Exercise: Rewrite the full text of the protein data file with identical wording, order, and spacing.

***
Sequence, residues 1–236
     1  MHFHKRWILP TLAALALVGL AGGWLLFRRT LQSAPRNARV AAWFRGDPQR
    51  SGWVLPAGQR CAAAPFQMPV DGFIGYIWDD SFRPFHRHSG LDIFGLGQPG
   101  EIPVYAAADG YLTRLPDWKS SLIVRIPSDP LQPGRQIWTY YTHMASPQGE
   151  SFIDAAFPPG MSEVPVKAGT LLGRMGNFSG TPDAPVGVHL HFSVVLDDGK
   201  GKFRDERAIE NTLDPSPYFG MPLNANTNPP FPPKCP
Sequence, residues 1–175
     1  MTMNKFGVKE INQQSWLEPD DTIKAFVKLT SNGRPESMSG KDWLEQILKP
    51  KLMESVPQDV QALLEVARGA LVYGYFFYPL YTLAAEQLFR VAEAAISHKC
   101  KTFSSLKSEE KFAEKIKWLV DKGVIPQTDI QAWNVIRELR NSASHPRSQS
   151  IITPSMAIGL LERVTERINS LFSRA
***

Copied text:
Sequence, residues 1–236
     1  MHFHKRWILP TLAALALVGL AGGWLLFRRT LQSAPRNARV AAWFRGDPQR
    51  SGWVLPAGQR CAAAPFQMPV DGFIGYIWDD SFRPFHRHSG LDIFGLGQPG
   101  EIPVYAAADG YLTRLPDWKS SLIVRIPSDP LQPGRQIWTY YTHMASPQGE
   151  SFIDAAFPPG MSEVPVKAGT LLGRMGNFSG TPDAPVGVHL HFSVVLDDGK
   201  GKFRDERAIE NTLDPSPYFG MPLNANTNPP FPPKCP
Sequence, residues 1–175
     1  MTMNKFGVKE INQQSWLEPD DTIKAFVKLT SNGRPESMSG KDWLEQILKP
    51  KLMESVPQDV QALLEVARGA LVYGYFFYPL YTLAAEQLFR VAEAAISHKC
   101  KTFSSLKSEE KFAEKIKWLV DKGVIPQTDI QAWNVIRELR NSASHPRSQS
   151  IITPSMAIGL LERVTERINS LFSRA